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Writing to console in Visual Basic 6

From a perspective of someone who has exclusively used Unix/Linux programming environments in his academic and private life, Visual Basic 6 really is an oddball - one that I have to deal with in work life, though. Since it lives on Windows, it has to deal with the weird separation of “subsystems”, which firmly divides console and graphical applications at link time. Your program can either be a console application, forcing a console to open even when you start it via the explorer, or it can be a graphical application, allowing no output to stdout.

And since VB was only meant for graphical applications, the programming environment does not expect you to link the program to the console subsystem. Consequently, VB6 also does not provide constructs to write to stdout.

You can still make it do so, it’s just a bit more painful:

Public Const STD_OUTPUT_HANDLE = -11&

Public Declare Function stdout Lib "kernel32" Alias "GetStdHandle" _
(Optional ByVal Handletype As Long = STD_OUTPUT_HANDLE) As Long

Public Declare Function WriteFile Lib "kernel32" _
(ByVal hFile As Long, ByVal lpBuffer As Any, ByVal nNumberOfBytesToWrite As Long, _
Optional lpNumberOfBytesWritten As Long, Optional ByVal lpOverlapped As Long = 0&) As Long


Dim hStdOut As Long
Dim sWriteBuffer As String

hStdOut = stdout()
sWriteBuffer = "Hello World"
WriteFile hStdOut, sWriteBuffer, Len(sWriteBuffer)

After compiling the .exe, you have to manually relink it to the console subsystem:

link /edit /subsystem:console application.exe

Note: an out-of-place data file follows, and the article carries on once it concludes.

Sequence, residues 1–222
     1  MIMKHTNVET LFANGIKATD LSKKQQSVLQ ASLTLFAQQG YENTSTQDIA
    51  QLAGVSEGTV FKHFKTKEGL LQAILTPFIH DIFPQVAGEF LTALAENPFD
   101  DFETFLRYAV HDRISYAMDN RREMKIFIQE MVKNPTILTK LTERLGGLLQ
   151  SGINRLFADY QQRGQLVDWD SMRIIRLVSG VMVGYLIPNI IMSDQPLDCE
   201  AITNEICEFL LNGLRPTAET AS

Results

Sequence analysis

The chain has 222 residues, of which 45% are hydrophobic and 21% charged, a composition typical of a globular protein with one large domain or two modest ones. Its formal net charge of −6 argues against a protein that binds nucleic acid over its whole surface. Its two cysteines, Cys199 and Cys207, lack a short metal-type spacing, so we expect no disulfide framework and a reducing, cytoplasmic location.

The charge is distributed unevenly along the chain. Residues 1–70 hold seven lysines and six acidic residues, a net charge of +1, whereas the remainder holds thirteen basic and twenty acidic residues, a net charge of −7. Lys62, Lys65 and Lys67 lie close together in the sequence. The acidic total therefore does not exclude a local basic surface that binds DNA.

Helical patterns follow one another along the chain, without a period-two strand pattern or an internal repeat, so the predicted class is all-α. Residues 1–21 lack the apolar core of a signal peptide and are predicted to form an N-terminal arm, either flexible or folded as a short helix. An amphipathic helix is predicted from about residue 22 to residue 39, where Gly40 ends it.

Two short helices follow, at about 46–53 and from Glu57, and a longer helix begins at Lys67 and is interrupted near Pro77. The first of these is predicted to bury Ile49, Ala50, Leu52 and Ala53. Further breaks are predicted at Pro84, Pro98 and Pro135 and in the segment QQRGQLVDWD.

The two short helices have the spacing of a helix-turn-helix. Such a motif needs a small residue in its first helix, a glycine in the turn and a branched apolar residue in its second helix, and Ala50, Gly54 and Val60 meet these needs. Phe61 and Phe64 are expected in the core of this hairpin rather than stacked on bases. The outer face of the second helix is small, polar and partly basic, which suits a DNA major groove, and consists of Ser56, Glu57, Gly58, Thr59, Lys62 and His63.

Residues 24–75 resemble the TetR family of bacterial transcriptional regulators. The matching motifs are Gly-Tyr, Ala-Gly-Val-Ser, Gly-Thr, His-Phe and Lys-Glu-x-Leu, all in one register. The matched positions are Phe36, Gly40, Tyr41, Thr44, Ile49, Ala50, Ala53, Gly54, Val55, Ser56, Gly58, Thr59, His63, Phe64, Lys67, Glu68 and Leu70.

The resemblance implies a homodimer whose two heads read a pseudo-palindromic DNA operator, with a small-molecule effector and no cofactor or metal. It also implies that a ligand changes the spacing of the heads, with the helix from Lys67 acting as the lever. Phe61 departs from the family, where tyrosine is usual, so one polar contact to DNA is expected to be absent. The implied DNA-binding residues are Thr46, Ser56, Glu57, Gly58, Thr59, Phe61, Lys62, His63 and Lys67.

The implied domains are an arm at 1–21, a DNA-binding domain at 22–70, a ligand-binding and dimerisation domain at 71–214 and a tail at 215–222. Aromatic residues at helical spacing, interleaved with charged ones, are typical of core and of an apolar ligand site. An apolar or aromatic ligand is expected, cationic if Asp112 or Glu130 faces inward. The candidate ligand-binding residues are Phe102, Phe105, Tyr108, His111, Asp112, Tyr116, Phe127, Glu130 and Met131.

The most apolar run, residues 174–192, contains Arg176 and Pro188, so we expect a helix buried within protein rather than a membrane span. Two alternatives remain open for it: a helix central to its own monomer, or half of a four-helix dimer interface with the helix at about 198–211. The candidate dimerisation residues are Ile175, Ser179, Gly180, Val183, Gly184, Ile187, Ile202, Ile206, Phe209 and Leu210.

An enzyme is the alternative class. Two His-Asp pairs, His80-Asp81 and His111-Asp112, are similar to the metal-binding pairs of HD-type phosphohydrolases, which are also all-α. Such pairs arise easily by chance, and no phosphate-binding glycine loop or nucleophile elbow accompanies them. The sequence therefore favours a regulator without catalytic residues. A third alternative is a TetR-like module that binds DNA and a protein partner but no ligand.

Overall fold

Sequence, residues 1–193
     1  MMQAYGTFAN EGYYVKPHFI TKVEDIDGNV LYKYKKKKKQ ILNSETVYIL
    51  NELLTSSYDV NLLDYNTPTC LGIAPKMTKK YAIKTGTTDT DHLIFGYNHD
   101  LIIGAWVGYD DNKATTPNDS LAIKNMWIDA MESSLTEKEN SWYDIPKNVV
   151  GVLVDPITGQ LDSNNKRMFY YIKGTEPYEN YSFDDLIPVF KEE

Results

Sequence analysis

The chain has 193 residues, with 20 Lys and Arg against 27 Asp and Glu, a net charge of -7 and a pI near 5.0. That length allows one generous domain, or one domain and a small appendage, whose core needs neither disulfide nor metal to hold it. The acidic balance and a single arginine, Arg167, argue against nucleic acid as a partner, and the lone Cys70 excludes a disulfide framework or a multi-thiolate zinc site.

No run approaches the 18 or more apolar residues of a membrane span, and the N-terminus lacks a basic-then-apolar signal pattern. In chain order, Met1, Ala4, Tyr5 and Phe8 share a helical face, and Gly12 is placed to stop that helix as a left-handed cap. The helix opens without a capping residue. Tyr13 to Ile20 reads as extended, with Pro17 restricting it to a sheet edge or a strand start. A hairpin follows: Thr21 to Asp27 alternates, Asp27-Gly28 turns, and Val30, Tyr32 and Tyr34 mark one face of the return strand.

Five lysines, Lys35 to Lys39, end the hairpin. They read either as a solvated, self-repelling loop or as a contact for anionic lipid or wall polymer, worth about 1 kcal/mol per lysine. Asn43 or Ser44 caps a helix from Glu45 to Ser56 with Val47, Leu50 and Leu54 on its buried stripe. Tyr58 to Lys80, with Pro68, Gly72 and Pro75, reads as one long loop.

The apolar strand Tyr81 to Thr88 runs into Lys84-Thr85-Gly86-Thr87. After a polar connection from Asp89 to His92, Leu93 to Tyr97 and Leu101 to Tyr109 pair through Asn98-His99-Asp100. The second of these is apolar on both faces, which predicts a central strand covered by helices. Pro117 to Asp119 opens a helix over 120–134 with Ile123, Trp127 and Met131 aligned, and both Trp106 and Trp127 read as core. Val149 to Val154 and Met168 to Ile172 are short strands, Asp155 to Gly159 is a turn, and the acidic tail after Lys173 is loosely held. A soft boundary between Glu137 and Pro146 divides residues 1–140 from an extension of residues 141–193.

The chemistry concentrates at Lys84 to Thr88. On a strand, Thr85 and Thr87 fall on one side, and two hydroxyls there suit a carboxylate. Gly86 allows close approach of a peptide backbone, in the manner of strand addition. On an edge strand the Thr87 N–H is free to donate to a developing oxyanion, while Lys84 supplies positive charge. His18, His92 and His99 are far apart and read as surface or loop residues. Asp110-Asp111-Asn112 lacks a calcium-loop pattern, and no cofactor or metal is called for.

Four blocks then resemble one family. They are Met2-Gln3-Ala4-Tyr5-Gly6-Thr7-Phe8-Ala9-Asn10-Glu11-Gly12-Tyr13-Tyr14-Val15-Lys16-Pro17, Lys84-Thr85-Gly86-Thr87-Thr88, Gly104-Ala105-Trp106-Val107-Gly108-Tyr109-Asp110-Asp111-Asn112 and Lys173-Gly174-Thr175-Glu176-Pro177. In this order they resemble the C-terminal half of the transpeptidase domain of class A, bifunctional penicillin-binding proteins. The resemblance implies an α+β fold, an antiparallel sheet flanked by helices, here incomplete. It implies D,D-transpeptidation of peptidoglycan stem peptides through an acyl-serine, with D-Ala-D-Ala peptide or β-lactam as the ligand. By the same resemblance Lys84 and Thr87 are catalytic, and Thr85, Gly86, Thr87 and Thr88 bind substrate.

No wonder the whole “using one program’s output as another program’s input” thing isn’t more popular on Windows…

Bye bye GitHub

I moved all my Git repositories from GitHub to my own server. Three months ago, there was a scare that a GitHub’s new Terms of service would essentially invalidate copyleft licenses on projects. This interpretation of the new ToS turned out to be (most likely) false, but it got me thinking: Why rely unnecessarily on a third party, when I don’t need to? I have already had one bad experience with flickr. Thus, I self-host now.


So-called Liebig-Einfachbeute, coated with walnut oil - hoping that walnut oil is a good compromise between water protection and breathability. Boiled linseed oil, in the experience of other beekeepers, often hinders breathing and therefore increases risk of mould. Apart from that, it contains heavy metal salts and I really don’t want them in my honey.

Walnut oil is not as durable, which is a definitive disadvantage. But as long as I only have to re-coat the wood on a yearly basis, I would be OK with that.

All hail Eostra

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